Athletic youth camps may be cancelled

How Seattle Pacific University is handling summer camps during COVID-19

Sabrina Jiles, Staff Reporter

Every year, the Seattle Pacific University athletic department and its sports teams host a camp for many of the youth, under the age of 18 years old, to participate in. These camps are able to provide an experience for the youth in the Queen Anne community and the surrounding neighborhoods in Seattle, and can also be the experience that shapes future Falcons.

A screenshot of the sign-up page for Falcon Volleyball Camps and Clinics.
A screenshot of the sign-up page for Falcon Volleyball Camps and Clinics.

At these camps, the participants are taught skills and fundamentals by SPU coaches and current SPU athletes.  It was expected this summer that all the sports teams this year were going to provide a camp — including rowing, a program that has not offered a camp before.

Since camps that would typically occur throughout the summer are being affected by COVID-19, SPU is trying to weigh possible options to give the youth the camp experience.

“I make sure we follow all the rules applicable to camp and I work with coaches to make sure camps follow guidelines,” Associate Athletic Director for Business Amy Foster said in a Zoom interview.

The camps provided at SPU are made available on the SPU athletics website and the site is currently updating the status of each camp.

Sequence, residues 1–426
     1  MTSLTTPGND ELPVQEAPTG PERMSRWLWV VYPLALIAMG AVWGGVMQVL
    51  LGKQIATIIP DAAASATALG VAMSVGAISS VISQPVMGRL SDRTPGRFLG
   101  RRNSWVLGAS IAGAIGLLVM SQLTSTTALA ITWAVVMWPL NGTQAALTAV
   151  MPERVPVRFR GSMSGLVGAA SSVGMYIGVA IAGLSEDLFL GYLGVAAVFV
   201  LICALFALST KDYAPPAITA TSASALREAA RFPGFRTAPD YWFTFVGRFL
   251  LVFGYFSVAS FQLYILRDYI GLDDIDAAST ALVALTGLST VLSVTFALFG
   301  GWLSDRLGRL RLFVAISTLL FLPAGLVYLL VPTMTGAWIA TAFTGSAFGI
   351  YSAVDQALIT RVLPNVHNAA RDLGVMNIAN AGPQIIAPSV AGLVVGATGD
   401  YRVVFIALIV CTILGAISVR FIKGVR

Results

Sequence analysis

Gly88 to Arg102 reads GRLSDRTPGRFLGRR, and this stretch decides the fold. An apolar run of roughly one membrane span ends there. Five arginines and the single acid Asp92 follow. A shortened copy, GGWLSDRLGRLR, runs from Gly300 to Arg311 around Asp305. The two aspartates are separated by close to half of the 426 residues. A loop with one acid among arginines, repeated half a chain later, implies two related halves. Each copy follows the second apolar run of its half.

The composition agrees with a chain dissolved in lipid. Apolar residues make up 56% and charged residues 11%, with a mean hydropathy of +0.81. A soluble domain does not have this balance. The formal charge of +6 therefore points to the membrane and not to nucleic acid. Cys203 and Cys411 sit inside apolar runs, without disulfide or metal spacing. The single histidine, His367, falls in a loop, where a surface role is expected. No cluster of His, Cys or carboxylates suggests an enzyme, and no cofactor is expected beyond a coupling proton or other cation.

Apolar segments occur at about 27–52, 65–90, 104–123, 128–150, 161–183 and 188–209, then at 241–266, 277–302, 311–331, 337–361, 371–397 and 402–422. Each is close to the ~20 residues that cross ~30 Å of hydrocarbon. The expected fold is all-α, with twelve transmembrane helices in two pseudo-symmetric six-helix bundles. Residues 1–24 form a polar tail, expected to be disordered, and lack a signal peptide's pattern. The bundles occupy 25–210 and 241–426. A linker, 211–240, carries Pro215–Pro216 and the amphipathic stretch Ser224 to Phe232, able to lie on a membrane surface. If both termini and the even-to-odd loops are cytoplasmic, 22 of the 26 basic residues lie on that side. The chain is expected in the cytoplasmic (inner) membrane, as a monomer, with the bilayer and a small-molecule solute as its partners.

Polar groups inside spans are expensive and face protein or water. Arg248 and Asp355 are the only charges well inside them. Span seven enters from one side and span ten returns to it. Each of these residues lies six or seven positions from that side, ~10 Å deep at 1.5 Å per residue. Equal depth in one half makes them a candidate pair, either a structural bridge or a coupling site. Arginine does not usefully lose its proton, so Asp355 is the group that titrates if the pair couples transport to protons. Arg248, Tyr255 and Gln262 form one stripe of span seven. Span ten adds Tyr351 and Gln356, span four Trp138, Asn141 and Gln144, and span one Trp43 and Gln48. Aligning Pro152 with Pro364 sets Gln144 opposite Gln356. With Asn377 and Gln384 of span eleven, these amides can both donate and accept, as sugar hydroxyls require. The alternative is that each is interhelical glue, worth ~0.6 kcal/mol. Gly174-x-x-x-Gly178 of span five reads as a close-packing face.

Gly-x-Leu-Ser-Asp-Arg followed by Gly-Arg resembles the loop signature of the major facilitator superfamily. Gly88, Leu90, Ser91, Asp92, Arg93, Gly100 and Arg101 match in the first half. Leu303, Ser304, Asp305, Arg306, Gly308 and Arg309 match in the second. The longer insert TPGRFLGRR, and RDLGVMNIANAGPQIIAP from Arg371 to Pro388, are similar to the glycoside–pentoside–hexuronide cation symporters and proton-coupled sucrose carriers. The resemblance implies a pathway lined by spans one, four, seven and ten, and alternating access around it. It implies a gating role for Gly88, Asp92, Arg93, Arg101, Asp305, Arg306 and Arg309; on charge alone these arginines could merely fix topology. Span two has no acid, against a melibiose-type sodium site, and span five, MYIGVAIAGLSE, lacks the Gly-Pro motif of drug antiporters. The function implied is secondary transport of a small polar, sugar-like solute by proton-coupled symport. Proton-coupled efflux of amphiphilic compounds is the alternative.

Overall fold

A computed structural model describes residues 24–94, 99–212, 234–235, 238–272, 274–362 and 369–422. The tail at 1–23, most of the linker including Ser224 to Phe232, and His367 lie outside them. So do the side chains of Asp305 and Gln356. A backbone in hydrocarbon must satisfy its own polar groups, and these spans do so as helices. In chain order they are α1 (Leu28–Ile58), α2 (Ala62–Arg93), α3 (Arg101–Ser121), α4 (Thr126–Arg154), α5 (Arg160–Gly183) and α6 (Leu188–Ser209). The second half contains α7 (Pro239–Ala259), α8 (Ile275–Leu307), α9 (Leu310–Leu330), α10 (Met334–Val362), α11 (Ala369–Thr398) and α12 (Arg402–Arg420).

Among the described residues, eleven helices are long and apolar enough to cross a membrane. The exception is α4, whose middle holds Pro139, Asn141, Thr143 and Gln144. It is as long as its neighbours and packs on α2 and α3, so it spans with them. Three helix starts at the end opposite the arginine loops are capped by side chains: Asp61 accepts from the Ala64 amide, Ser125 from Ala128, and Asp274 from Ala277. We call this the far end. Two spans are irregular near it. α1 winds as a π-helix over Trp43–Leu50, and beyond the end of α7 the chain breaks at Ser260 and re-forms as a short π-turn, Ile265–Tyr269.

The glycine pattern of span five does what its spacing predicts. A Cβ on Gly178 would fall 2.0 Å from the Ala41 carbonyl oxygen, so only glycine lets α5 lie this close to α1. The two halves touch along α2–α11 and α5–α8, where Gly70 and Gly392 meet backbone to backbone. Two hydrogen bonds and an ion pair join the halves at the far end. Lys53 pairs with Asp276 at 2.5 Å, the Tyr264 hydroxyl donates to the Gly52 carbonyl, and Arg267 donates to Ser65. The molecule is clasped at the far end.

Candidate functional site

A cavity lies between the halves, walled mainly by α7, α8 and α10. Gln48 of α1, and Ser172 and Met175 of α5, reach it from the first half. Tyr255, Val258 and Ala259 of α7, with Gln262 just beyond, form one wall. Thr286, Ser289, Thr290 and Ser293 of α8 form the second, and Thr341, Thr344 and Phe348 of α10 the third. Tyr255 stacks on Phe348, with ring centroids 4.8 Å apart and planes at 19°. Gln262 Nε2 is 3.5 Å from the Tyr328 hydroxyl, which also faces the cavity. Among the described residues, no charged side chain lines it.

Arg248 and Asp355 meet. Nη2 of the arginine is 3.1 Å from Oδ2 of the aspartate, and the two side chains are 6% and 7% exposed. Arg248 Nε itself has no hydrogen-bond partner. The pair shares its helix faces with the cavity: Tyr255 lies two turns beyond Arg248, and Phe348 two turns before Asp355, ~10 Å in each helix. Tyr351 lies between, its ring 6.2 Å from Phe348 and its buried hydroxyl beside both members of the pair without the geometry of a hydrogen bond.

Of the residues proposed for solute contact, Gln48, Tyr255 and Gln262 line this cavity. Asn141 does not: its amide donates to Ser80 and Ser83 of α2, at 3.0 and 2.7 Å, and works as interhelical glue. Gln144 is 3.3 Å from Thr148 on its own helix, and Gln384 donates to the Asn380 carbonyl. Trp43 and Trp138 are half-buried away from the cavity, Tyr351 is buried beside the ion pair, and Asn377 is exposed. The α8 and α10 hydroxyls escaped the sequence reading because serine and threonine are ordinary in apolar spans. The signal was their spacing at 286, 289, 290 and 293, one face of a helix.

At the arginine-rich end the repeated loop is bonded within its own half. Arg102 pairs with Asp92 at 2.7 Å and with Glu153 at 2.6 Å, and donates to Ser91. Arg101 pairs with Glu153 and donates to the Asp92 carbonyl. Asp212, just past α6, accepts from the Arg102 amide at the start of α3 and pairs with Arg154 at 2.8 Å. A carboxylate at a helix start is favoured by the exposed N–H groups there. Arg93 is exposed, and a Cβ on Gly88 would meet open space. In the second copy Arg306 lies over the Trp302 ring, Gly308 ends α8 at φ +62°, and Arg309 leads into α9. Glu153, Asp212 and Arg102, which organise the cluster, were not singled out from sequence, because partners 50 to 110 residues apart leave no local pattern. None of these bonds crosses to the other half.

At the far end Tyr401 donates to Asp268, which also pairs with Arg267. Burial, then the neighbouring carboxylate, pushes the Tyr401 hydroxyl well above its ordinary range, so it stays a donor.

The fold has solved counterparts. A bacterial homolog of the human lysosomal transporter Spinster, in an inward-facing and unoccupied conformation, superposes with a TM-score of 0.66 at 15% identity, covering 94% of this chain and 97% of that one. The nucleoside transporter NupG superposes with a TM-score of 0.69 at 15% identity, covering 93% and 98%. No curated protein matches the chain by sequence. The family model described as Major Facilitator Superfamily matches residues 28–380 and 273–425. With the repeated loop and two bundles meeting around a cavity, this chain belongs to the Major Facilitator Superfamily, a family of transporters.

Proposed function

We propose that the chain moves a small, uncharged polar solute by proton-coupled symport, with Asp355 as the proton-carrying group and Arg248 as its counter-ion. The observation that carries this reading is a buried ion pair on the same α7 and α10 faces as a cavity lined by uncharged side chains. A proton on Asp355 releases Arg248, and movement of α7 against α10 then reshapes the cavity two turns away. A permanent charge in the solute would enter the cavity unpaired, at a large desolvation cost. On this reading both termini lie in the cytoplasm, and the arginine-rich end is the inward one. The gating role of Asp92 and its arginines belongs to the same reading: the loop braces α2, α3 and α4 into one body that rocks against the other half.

As of Monday, June 1st, the Boy’s Basketball High School Classic, which is a tournament for high school teams to participate in, has already been canceled, as well as some volleyball clinics. Other camps have already been postponed or temporarily suspended, like the co-ed running camp.

“Some of the camps that have been canceled were ones that were supposed to happen in a month and that wasn’t enough time to deal with health standards,” Foster said.

But all hope for SPU summer camps may not be lost. SPU coaches, as well as the athletic department, are looking at providing a short video recording for some of the remaining camps or even pushing back some of the camps to happen in the evening days of the fall. 

“We don’t even have the skeleton of how virtual camps will be done. This idea is still in the works and these camps are not meant to be skill instructional,” SPU Athletic Director Jackson Stava said in an interview over Zoom.

Although the idea of a Zoom camp is being discussed, the SPU athletic department and coaches’ goal is to provide an experience and set-up that best represents the university. There is still hope for the future, even though the camps might not be able to meet in person.

“I don’t feel that this years’ camps and how they’re handled, will affect how we handle the camps next year if guidelines allow the camps to be in person,” Stava said.